I decided to sign with Vanier College based on the outstanding football program, and opportunity to excel in my studies. With such a high number of kids attending university after they’re finished at Vanier, I knew it was the right choice. With the excellent coaching and training program, I knew that if I chose Vanier, they would help me become the best player I could potentially be. I went down to Vanier on April 13th, 2012 for a practice, and all the players and coaches greeted me in such a friendly manner, it was hard to say no to Vanier College. The facilities were awesome, the coaching was awesome, and you can just tell that you were in a championship atmosphere at Vanier. I knew that this would be my new team, school, and a place I could call “home”.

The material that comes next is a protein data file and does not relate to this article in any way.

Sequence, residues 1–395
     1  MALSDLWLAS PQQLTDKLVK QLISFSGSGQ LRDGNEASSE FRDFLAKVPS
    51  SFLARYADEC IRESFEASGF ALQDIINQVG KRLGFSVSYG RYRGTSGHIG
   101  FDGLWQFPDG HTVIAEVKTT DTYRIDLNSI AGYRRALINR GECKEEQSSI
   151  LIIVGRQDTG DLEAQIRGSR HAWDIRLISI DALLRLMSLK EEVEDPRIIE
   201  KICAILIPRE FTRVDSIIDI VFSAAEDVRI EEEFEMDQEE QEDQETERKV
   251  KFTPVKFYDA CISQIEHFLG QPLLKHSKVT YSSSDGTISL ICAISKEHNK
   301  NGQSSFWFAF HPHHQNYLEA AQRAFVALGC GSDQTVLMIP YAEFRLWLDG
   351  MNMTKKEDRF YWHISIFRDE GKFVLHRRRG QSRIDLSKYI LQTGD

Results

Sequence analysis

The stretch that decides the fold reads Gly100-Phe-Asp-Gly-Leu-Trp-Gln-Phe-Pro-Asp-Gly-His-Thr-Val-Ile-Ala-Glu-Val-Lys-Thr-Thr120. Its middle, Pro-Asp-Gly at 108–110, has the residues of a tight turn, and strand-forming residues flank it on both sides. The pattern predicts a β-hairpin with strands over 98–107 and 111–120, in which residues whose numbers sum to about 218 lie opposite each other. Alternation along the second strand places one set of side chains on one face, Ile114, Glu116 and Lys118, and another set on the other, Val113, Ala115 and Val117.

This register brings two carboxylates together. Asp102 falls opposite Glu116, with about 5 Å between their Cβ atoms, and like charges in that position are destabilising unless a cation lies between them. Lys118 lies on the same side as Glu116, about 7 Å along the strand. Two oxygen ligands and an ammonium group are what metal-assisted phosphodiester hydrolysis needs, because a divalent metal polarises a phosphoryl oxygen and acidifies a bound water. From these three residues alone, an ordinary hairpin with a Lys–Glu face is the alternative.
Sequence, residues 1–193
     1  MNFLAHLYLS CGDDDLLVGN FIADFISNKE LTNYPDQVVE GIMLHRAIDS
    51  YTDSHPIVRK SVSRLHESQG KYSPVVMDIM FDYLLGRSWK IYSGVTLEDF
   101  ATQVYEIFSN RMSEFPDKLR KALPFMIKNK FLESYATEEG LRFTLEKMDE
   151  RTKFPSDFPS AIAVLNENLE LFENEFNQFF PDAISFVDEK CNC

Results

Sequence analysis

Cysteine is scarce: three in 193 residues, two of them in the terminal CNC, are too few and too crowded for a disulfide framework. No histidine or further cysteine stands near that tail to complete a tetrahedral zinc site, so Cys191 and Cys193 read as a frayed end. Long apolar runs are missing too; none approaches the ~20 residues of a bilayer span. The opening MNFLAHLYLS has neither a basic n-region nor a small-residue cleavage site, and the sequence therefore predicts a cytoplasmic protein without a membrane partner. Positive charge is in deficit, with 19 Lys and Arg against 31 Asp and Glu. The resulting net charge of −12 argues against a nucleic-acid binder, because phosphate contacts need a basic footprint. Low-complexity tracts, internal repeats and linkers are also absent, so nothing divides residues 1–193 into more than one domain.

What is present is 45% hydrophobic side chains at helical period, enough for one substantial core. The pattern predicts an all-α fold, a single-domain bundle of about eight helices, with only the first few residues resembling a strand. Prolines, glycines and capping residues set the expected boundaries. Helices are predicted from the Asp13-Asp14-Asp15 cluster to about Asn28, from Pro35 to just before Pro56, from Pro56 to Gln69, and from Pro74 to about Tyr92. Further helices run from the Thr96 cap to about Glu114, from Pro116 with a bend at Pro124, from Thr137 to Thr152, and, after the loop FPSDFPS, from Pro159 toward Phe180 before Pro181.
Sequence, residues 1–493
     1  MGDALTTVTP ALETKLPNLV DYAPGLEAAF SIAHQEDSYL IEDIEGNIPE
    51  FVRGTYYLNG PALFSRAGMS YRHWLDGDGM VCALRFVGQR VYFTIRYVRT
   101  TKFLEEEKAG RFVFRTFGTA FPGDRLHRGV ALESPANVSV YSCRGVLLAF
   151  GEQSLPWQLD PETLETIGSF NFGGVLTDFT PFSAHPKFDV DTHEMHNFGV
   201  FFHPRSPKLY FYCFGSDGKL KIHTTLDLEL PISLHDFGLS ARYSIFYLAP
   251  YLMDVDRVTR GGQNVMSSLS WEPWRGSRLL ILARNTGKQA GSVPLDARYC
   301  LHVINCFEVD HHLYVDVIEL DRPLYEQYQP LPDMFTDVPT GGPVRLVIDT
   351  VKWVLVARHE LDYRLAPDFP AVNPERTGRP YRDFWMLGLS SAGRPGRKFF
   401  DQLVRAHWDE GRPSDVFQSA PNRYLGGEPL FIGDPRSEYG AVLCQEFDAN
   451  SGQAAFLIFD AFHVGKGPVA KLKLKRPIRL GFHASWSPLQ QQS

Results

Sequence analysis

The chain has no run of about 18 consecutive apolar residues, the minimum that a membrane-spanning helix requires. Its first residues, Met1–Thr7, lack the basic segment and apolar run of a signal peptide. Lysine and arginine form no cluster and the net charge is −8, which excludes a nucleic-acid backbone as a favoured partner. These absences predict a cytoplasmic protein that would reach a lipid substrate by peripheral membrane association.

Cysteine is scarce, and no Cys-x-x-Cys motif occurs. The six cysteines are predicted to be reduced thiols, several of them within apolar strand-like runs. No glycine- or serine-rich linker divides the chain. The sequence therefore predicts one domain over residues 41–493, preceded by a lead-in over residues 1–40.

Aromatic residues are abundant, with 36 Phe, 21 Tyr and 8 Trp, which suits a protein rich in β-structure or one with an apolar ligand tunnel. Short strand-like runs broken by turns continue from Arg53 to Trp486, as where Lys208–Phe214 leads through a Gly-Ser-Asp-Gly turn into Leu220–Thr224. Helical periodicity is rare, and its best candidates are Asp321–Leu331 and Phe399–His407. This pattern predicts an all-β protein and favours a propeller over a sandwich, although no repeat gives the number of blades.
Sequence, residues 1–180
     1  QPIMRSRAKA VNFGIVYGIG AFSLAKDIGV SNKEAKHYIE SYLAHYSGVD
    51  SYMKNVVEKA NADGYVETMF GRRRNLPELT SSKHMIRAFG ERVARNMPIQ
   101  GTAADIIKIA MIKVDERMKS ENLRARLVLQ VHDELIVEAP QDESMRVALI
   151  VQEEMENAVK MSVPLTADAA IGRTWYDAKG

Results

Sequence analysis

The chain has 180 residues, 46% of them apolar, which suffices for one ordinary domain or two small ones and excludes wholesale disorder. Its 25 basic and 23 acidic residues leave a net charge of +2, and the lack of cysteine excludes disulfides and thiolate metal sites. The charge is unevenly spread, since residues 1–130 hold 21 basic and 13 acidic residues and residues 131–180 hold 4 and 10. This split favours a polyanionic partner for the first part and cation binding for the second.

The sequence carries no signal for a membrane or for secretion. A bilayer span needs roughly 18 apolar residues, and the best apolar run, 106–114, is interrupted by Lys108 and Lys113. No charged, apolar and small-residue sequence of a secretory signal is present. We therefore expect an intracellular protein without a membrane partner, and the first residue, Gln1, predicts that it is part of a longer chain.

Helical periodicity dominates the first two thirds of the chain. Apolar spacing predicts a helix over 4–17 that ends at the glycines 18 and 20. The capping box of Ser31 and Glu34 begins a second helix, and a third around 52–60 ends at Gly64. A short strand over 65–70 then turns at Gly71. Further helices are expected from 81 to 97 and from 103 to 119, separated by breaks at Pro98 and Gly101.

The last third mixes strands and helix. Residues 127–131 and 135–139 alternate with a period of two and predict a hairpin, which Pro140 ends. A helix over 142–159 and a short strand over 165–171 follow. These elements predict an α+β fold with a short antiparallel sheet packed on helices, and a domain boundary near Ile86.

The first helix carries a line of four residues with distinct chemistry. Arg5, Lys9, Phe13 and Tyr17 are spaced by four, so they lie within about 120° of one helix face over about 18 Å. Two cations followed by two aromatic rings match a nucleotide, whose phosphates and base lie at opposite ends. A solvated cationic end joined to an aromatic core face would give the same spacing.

2. Describe the excitement you feel about becoming a college student-athlete?

The excitement about becoming a student-athlete is just endless. Attending a school with the exact program you want is ideal, but the fact that the football program at Vanier College is also top notch was like music to my ears. I’m not only studying what I love (media arts), but also doing what I love, by playing football.

3. What advice would you give to other athletes looking to get recruited?

To all athletes that are looking to be recruited, DO NOT GIVE UP! I started playing football 3 years ago, and one of my coaches told me “you’ll never go anywhere with football. You should just quit while you’re ahead”. Well sure enough, I proved him wrong. Nothing comes easy though, you’re gonna get back whatever you put into a situation. Keep yourself in the weight room a lot, watch a lot of film, and always stay focused on and off the field. I would also suggest to make a highlight tape, as it will really help in the whole recruiting process and it will also help you get your name out there to lots of coaches.